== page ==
Traveling With Your Own Wheelchair or Other Mobility Device
If you are a passenger with a disability and you will be traveling with your mobility device, here are a few suggestions to make your airport experience trouble-free and more enjoyable.
When making your airline reservations, advise your airline of the following information:
- Type of mobility device
- Please note that Segway mobility devices are not authorized to be stored on most carriers.
- Weight and size of mobility device
- Whether or not your mobility device will require assembly/disassembly
- Whether or not you are non-ambulatory, and will need an onboard wheelchair to reach your seat when boarding or deplaning the aircraft
- Whether or not you can ascend and descend stairs without assistance
- Whether or not you will be checking your mobility device at the ticket counter, or at the departure gate
When checking in for your flight on the day of departure, confirm all of the above information with an airline agent. Allow extra time when traveling with a battery-powered/electric wheelchair, cart, or scooter.
Attach instructions to your wheelchair if assembly/disassembly is needed
Although not required, it’s very helpful to airline staff if you attach a copy of assembly/disassembly instructions to your wheelchair (or other mobility device); and, if needed, bring specialized tools with you when traveling. (If you have questions regarding permitted carry-on tools, please contact the Transportation Security Administration at 1-866-289-9673.)
Identify battery type and know how to access it, if your mobility device is battery-powered:
- Please let the airline staff know your wheelchair’s (or other mobility device’s) specific battery type, and identify the battery as either spillable or non-spillable so that airline staff can adhere to federal “dangerous goods” handling procedures.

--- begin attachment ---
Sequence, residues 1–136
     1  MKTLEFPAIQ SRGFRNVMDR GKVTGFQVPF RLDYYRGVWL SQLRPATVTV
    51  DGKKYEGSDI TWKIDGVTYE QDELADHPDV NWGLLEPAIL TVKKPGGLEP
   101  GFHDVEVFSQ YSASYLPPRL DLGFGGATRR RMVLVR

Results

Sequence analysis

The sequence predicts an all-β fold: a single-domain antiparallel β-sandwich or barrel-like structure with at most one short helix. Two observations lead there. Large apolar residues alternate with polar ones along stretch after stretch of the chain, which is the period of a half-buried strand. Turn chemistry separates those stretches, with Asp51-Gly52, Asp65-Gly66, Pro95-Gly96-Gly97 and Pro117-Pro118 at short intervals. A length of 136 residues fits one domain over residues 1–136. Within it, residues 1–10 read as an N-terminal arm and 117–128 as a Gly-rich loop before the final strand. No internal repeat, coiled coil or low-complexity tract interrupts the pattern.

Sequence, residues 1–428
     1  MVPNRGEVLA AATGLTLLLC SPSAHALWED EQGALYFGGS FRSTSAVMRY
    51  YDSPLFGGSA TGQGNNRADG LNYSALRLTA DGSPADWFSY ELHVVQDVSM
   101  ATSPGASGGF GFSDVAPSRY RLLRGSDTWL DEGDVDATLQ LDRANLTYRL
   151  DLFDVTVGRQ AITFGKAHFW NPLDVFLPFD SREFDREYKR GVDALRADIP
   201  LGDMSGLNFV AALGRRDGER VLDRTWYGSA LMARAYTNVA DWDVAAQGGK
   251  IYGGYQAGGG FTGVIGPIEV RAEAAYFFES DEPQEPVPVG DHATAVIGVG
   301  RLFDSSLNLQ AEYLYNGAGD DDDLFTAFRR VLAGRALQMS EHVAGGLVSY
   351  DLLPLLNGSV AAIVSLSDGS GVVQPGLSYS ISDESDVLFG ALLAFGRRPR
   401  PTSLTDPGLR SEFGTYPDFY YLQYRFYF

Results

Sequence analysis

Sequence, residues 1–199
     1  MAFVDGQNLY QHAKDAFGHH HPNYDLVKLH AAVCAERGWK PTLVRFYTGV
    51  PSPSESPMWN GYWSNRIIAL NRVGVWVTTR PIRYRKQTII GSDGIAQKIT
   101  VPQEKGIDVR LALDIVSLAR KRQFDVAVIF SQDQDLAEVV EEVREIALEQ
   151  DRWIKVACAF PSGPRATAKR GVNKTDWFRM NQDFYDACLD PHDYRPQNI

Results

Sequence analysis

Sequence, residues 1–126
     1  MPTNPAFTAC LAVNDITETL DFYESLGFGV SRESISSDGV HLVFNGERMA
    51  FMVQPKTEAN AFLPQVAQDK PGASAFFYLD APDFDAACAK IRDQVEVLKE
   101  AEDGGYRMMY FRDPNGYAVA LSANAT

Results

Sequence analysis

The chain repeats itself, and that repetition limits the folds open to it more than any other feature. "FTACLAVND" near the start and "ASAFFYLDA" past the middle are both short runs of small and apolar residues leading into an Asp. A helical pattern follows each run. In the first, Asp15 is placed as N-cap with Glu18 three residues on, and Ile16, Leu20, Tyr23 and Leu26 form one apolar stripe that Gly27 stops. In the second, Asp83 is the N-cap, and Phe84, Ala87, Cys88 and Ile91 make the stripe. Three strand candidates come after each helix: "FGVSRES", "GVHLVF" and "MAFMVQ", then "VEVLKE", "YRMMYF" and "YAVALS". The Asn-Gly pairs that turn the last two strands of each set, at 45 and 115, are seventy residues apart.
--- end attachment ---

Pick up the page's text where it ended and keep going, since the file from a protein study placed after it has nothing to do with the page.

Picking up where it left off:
- Before arriving at the airport, it is best if you can educate yourself on how to gain access to the battery compartment and bring a specialized tool, if needed.
- Some mobility devices have batteries that can only be accessed by a technician. If this is the case, you may not be able to fly with your mobility device. Check with your air carrier to be sure.
If space is available, many airlines will allow folding wheelchairs to be stowed in the cabin on a first-ask, first-serve basis. If cabin storage is not available, airlines will typically allow you to check your wheelchair as baggage at either the ticket counter or the departure gate. Your airline will provide a wheelchair and wheelchair aid to assist you to your gate, if needed.
Advise your airline in advance if you wish to use your mobility device in your connecting city. They’ll let you know if you will have sufficient time in your connecting city. If not, the airline can provide you with their wheelchair service.
Aisle Width of Aircraft
The width of aisle space varies from aircraft to aircraft. Some aisle width spaces can be fairly narrow and difficult to navigate with an airline’s onboard wheelchair. Ask your airline about the aisle width before confirming reservations, if you are concerned about the wheelchair transfer process from the gate onto the aircraft.
Policies vary from airline to airline regarding mobility devices in general. To learn more about your airline’s procedures and requirements for mobility devices, please visit your airline’s website or call their reservation desk.